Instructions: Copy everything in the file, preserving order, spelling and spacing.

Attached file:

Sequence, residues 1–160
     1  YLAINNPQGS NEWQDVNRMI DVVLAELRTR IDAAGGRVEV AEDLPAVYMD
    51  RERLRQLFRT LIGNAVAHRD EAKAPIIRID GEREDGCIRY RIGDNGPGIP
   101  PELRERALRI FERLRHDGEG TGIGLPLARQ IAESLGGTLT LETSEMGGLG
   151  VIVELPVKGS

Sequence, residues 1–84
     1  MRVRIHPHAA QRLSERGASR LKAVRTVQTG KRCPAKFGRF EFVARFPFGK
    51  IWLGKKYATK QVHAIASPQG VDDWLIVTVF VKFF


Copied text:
Sequence, residues 1–160
     1  YLAINNPQGS NEWQDVNRMI DVVLAELRTR IDAAGGRVEV AEDLPAVYMD
    51  RERLRQLFRT LIGNAVAHRD EAKAPIIRID GEREDGCIRY RIGDNGPGIP
   101  PELRERALRI FERLRHDGEG TGIGLPLARQ IAESLGGTLT LETSEMGGLG
   151  VIVELPVKGS

Sequence, residues 1–84
     1  MRVRIHPHAA QRLSERGASR LKAVRTVQTG KRCPAKFGRF EFVARFPFGK
    51  IWLGKKYATK QVHAIASPQG VDDWLIVTVF VKFF